It was largely this educated, prosperous urban middle class that took to the streets last December to protest against electoral fraud and express a full range of grievances they had been harboring against the autocratic political system – which Putin's self-willed return to power symbolized so dramatically – the rampant official corruption, lack of equality before the law, and infuriating privileges enjoyed by the arrogant, almost aristocratic Russian bureaucratic caste.

"The years of the 'tandem' saw some of the most rapid social change in Russian history. There emerged a generation of young Russians who had come of age during the Medvedev years, who took easily to all the very new electronic devices and social networks, and who were not afraid to speak out," says Masha Lipman, editor of the Moscow Carnegie Center's Pro et Contra journal.

Mr. Grazhdankin says that if the authorities had initially chosen dialogue with street protesters, and perhaps addressed some of the most egregious evidence of electoral fraud that had been collected, pressure might have abated.

A hard tack to the right

But Putin, claiming the protests were inspired and perhaps even directed from abroad, ran for president by inciting resentment of the prosperous Moscow creative class and by whipping up suspicion of the West among his far-flung conservative base. He also cultivated a much closer relationship with the Russian Orthodox Church, the czarist state's traditional ideological watchdog. At the height of the election campaign, Patriarch Kirill embraced Putin and publicly described the former KGB agent as "a miracle from God."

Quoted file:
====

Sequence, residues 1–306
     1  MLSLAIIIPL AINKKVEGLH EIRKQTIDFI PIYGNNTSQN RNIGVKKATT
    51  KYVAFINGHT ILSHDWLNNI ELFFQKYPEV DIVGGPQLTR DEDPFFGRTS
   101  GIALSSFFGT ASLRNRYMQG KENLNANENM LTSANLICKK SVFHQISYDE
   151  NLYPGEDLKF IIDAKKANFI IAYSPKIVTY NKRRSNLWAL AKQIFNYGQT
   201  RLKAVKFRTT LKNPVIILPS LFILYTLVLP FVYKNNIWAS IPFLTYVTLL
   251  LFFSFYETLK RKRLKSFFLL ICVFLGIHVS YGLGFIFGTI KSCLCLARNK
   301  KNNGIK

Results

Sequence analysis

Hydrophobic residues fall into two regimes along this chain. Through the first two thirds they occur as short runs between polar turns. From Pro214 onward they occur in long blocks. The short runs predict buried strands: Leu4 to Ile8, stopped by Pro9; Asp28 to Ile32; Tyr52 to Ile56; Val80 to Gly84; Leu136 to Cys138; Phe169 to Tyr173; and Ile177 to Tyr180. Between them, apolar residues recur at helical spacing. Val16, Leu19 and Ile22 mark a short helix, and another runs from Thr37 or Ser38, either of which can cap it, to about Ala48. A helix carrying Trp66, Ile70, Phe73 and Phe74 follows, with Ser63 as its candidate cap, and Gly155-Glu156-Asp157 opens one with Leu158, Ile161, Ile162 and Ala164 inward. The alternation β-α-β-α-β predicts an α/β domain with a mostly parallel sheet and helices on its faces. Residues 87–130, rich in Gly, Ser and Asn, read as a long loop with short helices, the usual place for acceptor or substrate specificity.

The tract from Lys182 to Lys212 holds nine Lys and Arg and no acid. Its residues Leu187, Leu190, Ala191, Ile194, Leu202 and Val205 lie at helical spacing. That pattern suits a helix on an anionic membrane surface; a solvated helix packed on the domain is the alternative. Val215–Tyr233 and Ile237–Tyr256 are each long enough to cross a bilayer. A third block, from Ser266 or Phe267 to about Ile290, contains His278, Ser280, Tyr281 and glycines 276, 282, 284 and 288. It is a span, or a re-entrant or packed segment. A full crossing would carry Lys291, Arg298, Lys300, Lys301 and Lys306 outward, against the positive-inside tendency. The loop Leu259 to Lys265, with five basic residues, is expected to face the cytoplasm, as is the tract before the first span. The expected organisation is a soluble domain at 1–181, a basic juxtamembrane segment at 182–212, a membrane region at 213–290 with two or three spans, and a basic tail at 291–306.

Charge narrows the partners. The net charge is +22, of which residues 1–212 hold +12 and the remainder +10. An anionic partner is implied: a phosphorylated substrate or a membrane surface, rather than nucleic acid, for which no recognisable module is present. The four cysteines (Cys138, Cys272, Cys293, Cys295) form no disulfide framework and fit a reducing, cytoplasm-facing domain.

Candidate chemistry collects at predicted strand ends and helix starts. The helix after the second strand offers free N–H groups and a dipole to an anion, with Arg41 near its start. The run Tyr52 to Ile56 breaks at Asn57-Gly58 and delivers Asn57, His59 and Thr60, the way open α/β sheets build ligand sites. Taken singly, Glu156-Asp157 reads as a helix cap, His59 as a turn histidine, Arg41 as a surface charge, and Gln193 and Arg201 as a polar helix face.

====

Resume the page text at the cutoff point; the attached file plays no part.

Since Putin's inauguration last May, the impression of a church-state compact has grown with the lengthy trial and harsh two-year prison sentence meted out to three young women from the band Pussy Riot, accused of hurting the religious feelings of believers by performing a "punk prayer" in a nearly empty church. Last month the Duma introduced a new bill that will effectively criminalize blasphemy for the first time since the 19th century.

"The ideological outlines of the new Putin era are becoming clear. I don't think it's Putin's intention to split society, but he's openly trying to please his base ... the most traditional and conservative elements of society," says Andrei Kolesnikov, opinion editor of the opposition weekly Novaya Gazeta. "Putin feels the rejection of the creative class, and because of his character, and perhaps his KGB background, he finds it impossible to reach out to them, to compromise. But the growing influence of the church, and the increasingly conservative tone of governance, makes the alienation of the middle classes a permanent problem," he adds.